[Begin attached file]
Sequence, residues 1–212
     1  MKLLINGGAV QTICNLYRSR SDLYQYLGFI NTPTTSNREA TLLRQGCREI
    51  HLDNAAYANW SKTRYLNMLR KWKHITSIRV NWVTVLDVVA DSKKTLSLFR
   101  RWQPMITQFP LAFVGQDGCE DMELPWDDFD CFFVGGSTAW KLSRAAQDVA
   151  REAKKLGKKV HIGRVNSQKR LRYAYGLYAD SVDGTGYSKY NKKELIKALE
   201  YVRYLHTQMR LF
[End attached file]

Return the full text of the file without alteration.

Sequence, residues 1–212
     1  MKLLINGGAV QTICNLYRSR SDLYQYLGFI NTPTTSNREA TLLRQGCREI
    51  HLDNAAYANW SKTRYLNMLR KWKHITSIRV NWVTVLDVVA DSKKTLSLFR
   101  RWQPMITQFP LAFVGQDGCE DMELPWDDFD CFFVGGSTAW KLSRAAQDVA
   151  REAKKLGKKV HIGRVNSQKR LRYAYGLYAD SVDGTGYSKY NKKELIKALE
   201  YVRYLHTQMR LF